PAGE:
UK set to suspend extradition treaty with Hong Kong

Move expected to exacerbate already frayed UK-China relations

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Man displays Hong Kong colonial flag on anniversary of Hong Kong's handover to China from Britain.

Man displays Hong Kong colonial flag on anniversary of Hong Kong's handover to China from Britain. (AP photo)

TAIPEI (Taiwan News) — The U.K. is expected to announce the suspension of its extradition treaty with Hong Kong on Monday (July 20) amid worsening relations with China.

Foreign Secretary Dominic Raab is set to unveil the measure in response to China’s enactment of the controversial national security legislation for Hong Kong last month, reported The Guardian. Canada and Australia have already put a stop to their extradition arrangements with Hong Kong, and the U.S. is preparing to do the same.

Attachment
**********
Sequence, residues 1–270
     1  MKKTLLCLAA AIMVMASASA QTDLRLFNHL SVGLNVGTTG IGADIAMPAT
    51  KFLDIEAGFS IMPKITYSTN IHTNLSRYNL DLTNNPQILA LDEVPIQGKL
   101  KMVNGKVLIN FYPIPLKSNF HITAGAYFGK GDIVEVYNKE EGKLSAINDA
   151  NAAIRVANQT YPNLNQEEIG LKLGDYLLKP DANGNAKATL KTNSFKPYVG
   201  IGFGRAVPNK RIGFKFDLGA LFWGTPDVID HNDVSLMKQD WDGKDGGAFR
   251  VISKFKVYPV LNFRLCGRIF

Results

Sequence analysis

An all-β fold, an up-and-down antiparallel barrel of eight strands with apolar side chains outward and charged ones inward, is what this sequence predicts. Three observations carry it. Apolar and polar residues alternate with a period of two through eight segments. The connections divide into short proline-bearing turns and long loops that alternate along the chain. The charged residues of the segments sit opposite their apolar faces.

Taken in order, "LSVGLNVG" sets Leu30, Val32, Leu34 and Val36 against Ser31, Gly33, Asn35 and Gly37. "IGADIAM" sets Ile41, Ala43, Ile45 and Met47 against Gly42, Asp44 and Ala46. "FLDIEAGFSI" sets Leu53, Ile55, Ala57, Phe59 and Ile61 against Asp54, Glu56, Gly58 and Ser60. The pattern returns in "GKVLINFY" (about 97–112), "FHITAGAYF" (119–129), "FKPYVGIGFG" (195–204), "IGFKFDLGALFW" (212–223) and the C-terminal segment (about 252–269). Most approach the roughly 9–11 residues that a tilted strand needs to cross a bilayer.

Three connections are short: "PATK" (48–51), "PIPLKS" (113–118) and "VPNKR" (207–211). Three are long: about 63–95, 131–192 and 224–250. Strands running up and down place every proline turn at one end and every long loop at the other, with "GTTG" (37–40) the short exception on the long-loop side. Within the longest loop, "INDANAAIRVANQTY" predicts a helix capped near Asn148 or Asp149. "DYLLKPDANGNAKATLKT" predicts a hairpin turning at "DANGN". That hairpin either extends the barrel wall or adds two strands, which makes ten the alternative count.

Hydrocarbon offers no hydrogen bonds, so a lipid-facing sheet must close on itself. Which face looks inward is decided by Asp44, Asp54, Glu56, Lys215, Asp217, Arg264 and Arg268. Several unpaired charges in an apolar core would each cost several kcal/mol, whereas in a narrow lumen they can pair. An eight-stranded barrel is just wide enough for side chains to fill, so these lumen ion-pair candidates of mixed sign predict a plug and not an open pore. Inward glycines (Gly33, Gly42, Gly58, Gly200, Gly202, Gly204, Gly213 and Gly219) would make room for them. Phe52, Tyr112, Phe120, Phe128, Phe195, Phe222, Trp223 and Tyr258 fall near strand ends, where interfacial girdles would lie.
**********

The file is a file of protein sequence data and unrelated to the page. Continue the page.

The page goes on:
The U.K.'s move follows its decision to grant up to three million Hongkongers residency in the country and a chance to acquire permanent British citizenship.

Tensions between London and Beijing are already high over a slew of issues. Raab on Sunday (July 19) launched a new salvo of criticism against China’s repression of its Uighur population, an accusation refuted by China's ambassador to the U.K. Liu Xiaoming (劉曉明), who vowed retaliation should the country sanction Chinese officials over the alleged abuse, wrote AP.

Last week, the U.K. announced a U-turn on its telecom infrastructure policy by banning China’s Huawei from having any role in its 5G network over security concerns. The British government reportedly informed the Chinese tech giant that “geopolitical factors” were at play, as U.S. pressure had piled up, and that a reversal could be possible if U.S. President Donald Trump loses his bid for a second term in the November election.